The fire boat John J. Harvey reaches its 90th birthday this fall and is still able to pump water over the deck of the George Washington Bridge like she did at the bridge’s opening in 1931. This former FDNY boat was one of the most powerful fireboats ever built. Built by Todd Ship Yards in Brooklyn, she is capable of pumping up to 18,000 gallons of water a minute. Commissioned on December 17, 1931, she faithfully served the department until 1994 and then was auctioned in 1999 to its present private consortium of marine preservationists who sought to save her from being scrapped. Among the famous marine fires she fought includes the Cunard Line pier fire in 1932, the burning of the French liner Normandie in 1942 during its conversion to a troop ship, the El Estero ammunition ship in Bayonne (if she was not purposely sunk, the explosion would have destroyed most of midtown Manhattan), and the oil tanker collision of the Alva Cape and Texaco Massachusetts in 1966 on the East River. Her marine characteristics are a displacement of 268 net tons, a length of 130 feet, beam of 28 feet, and draught of nine feet. Originally fitted with five gasoline-electric motors, they were replaced in 1957 with five Fairbanks-Morse opposed piston Model 38F51/4 which consist of eight cylinders with 16 pistons. She has twin screws and can reach a speed of 18 knots.
The Harvey has eight deck monitors and 24 large connections for fire hoses which were greatly appreciated when called to serve on 9/11. In 2018 to mark the centenary of World War I’s end, the John J. Harvey was repainted in a “dazzle” tribute to mark the era’s most colorful camouflage. A project of the Public Art Fund in collaboration with 14-18 NOW, a World War 1 centenary arts program in the UK, the Harvey represented a series of ships inspired by World War 1 dazzle camouflage. It was not designed to hide but confuse German U-boats that were regularly sinking British and American vessels. The paint scheme was to paint ships in a way that broke up their forms, using stripes, curves, and bright colors to baffle U-boat gunners as to which way a vessel was heading. Influenced by Cubism and Vorticism, “dazzle camouflage” was applied to thousands of ships in the UK, and soon adopted by the United States Navy which dazzled its World War I vessels in the Brooklyn Navy Yard.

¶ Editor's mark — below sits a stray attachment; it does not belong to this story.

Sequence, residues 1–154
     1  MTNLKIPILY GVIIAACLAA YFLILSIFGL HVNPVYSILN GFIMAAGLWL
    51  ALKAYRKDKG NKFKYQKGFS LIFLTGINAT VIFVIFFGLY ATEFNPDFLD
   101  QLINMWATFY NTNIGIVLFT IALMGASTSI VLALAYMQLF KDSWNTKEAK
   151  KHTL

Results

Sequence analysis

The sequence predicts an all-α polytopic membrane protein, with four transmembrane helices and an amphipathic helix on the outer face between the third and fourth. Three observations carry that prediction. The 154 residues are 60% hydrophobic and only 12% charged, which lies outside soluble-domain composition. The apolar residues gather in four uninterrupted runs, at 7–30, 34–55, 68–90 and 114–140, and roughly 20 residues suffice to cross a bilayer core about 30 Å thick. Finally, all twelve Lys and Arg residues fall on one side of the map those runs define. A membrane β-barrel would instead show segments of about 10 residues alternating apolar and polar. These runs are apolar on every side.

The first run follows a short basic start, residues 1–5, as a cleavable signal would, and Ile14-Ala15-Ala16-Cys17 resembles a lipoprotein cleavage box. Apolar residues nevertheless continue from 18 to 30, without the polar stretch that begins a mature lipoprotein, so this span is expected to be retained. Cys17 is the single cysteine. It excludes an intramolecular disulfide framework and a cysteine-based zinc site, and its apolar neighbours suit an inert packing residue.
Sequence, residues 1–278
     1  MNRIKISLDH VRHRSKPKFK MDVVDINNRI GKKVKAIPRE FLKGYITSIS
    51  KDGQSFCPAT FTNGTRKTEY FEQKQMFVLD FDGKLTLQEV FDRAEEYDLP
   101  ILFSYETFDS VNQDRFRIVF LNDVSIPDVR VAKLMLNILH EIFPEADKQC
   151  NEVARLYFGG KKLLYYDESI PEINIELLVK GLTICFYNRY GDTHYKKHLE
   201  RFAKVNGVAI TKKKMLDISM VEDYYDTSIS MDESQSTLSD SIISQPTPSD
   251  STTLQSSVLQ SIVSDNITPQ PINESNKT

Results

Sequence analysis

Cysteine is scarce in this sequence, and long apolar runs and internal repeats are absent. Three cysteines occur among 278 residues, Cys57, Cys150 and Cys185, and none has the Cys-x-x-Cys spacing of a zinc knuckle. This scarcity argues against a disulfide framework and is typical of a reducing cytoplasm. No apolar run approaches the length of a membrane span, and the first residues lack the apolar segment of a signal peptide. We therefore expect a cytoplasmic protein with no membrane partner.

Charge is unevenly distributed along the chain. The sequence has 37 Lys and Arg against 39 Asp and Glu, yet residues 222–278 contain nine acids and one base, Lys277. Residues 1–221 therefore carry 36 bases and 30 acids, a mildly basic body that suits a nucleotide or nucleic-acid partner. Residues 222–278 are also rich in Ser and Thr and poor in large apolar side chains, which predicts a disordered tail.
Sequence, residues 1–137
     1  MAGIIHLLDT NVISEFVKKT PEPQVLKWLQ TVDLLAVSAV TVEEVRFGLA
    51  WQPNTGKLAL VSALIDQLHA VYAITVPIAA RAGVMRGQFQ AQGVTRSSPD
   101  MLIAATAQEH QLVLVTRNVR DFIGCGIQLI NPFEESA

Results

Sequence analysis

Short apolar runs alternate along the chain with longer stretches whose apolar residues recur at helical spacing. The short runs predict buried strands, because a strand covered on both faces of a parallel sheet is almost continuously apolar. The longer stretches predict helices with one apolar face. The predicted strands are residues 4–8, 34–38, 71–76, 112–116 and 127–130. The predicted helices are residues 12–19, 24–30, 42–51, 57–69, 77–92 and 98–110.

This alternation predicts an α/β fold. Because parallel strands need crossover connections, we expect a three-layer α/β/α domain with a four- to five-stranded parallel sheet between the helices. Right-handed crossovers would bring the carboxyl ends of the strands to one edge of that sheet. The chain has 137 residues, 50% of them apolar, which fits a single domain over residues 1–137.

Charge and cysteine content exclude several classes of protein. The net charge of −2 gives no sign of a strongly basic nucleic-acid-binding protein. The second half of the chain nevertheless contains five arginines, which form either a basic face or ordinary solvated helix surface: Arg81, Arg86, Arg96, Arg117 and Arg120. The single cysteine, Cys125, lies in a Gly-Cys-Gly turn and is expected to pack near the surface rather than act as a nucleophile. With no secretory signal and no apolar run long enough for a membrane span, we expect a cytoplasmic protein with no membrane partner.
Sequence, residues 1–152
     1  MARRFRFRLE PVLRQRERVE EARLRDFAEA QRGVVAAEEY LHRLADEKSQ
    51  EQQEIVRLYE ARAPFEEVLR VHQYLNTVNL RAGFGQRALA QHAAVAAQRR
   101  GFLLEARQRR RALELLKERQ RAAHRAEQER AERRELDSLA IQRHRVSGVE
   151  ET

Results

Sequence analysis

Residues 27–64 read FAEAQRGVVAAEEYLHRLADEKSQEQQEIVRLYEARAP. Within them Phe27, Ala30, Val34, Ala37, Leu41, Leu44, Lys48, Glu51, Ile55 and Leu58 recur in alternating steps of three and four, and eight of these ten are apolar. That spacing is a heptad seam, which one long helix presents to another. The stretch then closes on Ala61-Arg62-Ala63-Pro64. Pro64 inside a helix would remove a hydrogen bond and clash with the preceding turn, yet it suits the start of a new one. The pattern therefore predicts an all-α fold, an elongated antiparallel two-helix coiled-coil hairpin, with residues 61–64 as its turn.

On the morning of September 11, 2001, the attack on the World Trade Center brought crew members rushing to the John J. Harvey to help assist in the evacuation of thousands of persons from Ground Zero.
While carrying as many individuals as possible to safer locations, the New York Fire Department officials spotted the Harvey and asked if her pumps still worked. She returned to Ground Zero and moored along the Battery Seawall by tying herself to nearby trees. There was no water available at the World Trade Center, so crew members helped cobble together adapters to hook new hoses to old outlets to help supply water from the river. Crew worked for over 80-hours non-stop and were joined by active FDNY fireboats John D. McKean and Fire Fighter. As a result of her efforts, the Harvey was presented with a special National Preservation Award for its role in 9/11. At the present time, her homeport is the North River Maritime Pier 66, a part of the Hudson River Park in New York City. Each year the John J. Harvey travels the region to promote waterfront vitalizations, water displays, and tours of her crew’s onboard preservation efforts.
A few locations she has recently been are: the Oyster Bay Festival in Long Island, Tugboat Roundup in Waterford, NY, Roundout Valley School District in Kingston, NY, and the FASNY Fire Museum in Hudson, NY. For more information on the John J. Harvey, upcoming trips and events, or to sign up for our newsletter, The SPLASH, contact www.fireboat.org.
– Fire News story and photo courtesy of Chuck Parodi; Deckhand, John J. Harvey